American Geophysical Union. Adapted with permission from Investigating Earth Systems, American Geosciences Institute.
An earthquake occurs when massive rock layers slide past each other. This motion makes enormous vibrations, which travel from the site of the earthquake in waves.
The waves (seismic waves) travel all the way through the Earth. Seismologists can record these waves when they reach Earth’s surface using seismographs.
Earthquakes generate three kinds of waves: Compressional waves (P waves) travel the fastest. Shear (S) waves travel more slowly than P waves. Surface waves are the slowest of the three.
- Two Slinkys™
- Flat, smooth surface
- Notebook and pen
- Safety goggles
- Work with a partner. Put on safety goggles before starting this activity. With a partner, stretch out a Slinky™ on the floor about as far as it can go without making a permanent bend in the metal.
- Have one partner make waves by gathering several coils at the end of the Slinky™ and then releasing the coils, while still keeping hold of the end of the Slinky™. Observe the direction of wave movement relative to the Slinky™. Does it move in the same direction (parallel to the Slinky™) or in the opposite direction (perpendicular to the Slinky™)? Record your observations.
- This kind of wave is called a P (primary) or compressional wave. (To compress means to squeeze together.) From your observations, explain why this is a good name for this wave. You may wish to use diagrams to illustrate your answer.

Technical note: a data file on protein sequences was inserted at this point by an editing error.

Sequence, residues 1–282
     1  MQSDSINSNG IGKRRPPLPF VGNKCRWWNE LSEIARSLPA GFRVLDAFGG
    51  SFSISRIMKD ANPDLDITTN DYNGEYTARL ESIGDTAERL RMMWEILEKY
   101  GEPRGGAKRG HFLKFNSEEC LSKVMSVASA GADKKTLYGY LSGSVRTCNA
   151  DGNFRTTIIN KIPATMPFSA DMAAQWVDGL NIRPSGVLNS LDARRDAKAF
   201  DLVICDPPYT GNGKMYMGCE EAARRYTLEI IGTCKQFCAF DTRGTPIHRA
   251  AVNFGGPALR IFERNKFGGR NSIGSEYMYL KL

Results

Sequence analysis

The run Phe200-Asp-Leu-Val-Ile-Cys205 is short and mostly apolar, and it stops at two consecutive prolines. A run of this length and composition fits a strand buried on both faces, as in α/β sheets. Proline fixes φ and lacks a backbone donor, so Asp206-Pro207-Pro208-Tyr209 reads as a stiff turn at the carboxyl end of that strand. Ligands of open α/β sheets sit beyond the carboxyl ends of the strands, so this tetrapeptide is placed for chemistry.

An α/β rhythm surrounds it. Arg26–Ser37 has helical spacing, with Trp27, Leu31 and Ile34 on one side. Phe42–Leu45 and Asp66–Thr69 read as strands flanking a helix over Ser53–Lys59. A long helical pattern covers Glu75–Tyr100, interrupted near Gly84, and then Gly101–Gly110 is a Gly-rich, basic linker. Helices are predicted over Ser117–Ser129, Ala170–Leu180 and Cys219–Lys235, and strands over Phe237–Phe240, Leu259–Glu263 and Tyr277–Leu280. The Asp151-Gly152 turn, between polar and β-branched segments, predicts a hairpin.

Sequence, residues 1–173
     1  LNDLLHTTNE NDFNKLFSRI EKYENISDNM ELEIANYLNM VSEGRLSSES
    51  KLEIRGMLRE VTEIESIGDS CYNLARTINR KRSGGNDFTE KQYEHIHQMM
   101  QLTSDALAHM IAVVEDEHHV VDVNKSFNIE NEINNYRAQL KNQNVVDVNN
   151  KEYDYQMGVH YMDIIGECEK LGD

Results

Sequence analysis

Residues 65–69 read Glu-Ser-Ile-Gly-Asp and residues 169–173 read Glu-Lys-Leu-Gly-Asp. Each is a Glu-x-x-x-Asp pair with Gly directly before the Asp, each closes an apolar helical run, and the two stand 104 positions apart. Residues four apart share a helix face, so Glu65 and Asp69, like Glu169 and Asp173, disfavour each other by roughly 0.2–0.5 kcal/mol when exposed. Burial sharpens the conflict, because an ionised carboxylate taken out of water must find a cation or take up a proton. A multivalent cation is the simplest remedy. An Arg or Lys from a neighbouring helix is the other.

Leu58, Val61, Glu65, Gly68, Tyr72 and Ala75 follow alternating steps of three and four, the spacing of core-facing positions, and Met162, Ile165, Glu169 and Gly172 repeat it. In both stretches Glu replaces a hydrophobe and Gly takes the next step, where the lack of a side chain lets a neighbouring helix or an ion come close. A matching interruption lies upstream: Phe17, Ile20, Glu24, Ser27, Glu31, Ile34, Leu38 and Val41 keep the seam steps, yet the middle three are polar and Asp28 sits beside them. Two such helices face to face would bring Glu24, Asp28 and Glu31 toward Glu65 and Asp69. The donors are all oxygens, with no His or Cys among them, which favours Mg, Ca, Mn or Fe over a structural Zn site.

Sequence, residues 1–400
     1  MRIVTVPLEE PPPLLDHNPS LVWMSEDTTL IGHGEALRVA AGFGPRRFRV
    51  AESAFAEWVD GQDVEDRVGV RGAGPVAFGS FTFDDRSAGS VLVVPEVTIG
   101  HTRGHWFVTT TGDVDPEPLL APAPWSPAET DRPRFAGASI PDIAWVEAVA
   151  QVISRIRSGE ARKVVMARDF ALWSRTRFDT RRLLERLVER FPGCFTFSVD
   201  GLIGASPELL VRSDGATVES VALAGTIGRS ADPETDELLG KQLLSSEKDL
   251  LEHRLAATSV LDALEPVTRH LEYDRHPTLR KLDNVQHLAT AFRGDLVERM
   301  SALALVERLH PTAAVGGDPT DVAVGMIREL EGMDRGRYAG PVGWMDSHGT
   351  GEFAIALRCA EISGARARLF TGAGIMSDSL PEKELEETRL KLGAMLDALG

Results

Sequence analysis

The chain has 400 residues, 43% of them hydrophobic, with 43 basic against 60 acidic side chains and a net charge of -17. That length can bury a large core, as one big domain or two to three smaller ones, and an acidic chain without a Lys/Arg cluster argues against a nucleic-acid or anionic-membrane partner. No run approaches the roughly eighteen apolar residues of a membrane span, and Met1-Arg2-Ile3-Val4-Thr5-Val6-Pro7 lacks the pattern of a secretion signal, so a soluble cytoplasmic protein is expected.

- Stretch out the Slinky™ again. This time, have one partner make waves by moving the Slinky™ from side to side (left to right or right to left). Again observe the direction of wave movement, relative to the Slinky™. Does the wave move in the same direction (parallel to the Slinky™) or in the opposite direction (perpendicular to the Slinky™)? Record your observations.
- This kind of wave is called a secondary or shear (S) wave. (To shear means to slide one thing sideways past another thing.) From your observations, explain why this is a good name for this wave.
- Stretch out the Slinky™ a third time. This time, move one end of the Slinky™ up and down to generate a wave. This shows how the surface waves from earthquakes behave. What effect could this type of wave have on houses anchored to the Earth’s surface? Why is that?